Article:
Meanwhile, it is common for an Iraqi civilian to carry two or three IDs with different names. The result: Last year 400,000 coalition and Iraqi troops made fewer than 40,000 arrests; in contrast, 22,000 New York City patrolmen made more than 500,000 spot checks and 313,000 arrests.”
(Op-Ed in the New York Times, 6/15/07)

“Be ashamed to die until you have won some victory for humanity.”
(Horace Mann, motto of Antioch College, closing after 150 years, which before the Civil War adopted race-neutral admissions)

“Antioch became like one of those Essene communities in the Judean desert in the first century after Christ that, convinced of their own purity, died out while waiting for a golden age that never came.... I grieve for Antioch the way I grieve for the hope of 1968 washed away in a tide of self-inflated rhetoric, self-righteousness and self-indulgence....The ideals of social justice and economic fairness we embraced then are still right and deeply American. The discipline to turn those ideals into realities was what Antioch, its community and the generation it led was lacking.”
(Michael Goldfarb)
Reading this week:

THE RIGHT MADNESS by James Crumley

Coffee Grinder Blues

Rereading Nelson Algren's A Walk on the Wild Side, the story of door-to-door salesman of French Dripolator coffee pots and coffee-grinding man Dove Linkhorn, inspiring me to post the lyrics invoked by one of Dove's best customers...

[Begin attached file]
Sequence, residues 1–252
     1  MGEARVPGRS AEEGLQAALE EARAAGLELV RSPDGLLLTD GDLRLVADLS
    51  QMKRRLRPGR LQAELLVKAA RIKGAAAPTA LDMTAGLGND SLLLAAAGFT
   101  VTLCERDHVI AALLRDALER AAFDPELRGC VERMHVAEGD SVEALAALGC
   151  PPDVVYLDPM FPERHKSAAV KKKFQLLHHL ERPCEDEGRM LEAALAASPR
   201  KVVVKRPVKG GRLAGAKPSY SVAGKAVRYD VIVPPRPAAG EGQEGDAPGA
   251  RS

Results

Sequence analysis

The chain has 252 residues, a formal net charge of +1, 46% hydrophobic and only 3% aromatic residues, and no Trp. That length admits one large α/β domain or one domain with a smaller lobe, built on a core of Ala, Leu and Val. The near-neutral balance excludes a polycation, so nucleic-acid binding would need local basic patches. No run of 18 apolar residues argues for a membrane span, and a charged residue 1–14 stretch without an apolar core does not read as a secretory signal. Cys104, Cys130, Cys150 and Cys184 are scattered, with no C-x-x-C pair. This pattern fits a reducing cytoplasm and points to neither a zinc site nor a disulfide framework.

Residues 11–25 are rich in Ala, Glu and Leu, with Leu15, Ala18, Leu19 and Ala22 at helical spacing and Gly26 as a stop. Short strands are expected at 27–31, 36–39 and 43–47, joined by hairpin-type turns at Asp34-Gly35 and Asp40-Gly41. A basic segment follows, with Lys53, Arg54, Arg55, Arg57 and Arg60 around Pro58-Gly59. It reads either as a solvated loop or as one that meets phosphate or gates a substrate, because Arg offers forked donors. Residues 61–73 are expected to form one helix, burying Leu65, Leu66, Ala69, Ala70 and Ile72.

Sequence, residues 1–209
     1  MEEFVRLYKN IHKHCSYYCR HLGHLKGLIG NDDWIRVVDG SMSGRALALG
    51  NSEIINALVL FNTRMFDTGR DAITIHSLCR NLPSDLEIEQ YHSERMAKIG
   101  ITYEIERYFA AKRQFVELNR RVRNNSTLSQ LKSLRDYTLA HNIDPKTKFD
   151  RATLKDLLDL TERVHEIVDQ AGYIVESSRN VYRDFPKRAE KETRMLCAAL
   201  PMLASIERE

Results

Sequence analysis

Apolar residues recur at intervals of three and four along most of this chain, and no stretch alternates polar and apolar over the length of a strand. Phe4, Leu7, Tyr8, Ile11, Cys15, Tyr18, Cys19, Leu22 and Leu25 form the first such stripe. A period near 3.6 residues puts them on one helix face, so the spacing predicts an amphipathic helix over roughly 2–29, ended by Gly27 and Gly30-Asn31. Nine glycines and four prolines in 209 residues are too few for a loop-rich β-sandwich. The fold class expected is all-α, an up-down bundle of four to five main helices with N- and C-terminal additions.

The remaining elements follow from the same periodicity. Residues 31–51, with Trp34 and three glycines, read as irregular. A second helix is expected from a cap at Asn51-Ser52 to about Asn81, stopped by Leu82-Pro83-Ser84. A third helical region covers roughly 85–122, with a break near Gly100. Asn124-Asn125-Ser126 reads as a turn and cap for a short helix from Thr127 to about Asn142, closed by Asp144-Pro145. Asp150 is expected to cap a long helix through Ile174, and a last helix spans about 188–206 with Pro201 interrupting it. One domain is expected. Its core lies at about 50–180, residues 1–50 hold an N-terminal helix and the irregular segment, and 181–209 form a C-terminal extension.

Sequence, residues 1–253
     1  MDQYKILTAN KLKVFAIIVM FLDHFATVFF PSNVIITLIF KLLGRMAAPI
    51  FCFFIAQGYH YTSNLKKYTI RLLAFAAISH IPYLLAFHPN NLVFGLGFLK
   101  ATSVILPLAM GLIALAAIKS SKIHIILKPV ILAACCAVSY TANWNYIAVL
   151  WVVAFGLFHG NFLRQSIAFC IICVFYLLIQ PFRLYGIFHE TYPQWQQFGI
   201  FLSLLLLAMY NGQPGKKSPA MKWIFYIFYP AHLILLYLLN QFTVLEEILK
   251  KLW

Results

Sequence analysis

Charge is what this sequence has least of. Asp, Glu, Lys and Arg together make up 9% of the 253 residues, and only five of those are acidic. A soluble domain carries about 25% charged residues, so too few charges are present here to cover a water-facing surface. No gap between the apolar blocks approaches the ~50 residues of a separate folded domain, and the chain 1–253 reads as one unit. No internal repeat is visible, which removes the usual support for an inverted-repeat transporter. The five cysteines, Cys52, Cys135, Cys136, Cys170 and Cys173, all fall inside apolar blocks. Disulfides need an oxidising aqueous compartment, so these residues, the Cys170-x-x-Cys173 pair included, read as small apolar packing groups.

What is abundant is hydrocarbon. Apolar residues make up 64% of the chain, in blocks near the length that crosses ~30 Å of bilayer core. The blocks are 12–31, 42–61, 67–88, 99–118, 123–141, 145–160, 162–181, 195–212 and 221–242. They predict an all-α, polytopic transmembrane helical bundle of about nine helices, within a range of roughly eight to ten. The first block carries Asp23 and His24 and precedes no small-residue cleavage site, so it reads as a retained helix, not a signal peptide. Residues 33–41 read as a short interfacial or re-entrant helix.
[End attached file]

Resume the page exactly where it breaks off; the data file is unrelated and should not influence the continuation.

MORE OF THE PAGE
Coffee Grindin' Blues
as sung by Lucille Bogan (1923-1935)

Ain't nobody, it ain't nobody
Ain't nobody in town can grind a coffee like mine

I drink so much coffee, till I grind it in my sleep
I drink so much coffee, I grind it in my sleep
And when it get like that, you know it can't be beat

It's so doggone good that it made me bite my tongue
It's so doggone good it made me bite my tongue
Will keep it for my daddy, ain't gonna give nobody none

I ain't ever loved it this-a way before
I ain't ever loved it this-a way before
And I hope the Lord that I won't love it any more

I've got so now that I can't control my mind
I've got so now that I can't control my mind
I go to bed blue and I get up cryin'

It's so doggone good that it made me talk out of my head
It's so doggone good it made me talk out of my head
And it's better to me than any that I have ever had

Now I grind my coffee, at the 2 and 3 dollars a pound
I grind my coffee, at the 2 and 3 dollars a pound
And it ain't no mo' cheap like mine in town

It's so doggone good until it'll make you bite your tongue
It's so doggone good that it'll make you bite your tongue
And I'm a coffee grindin' mama and won't you let me grind you some?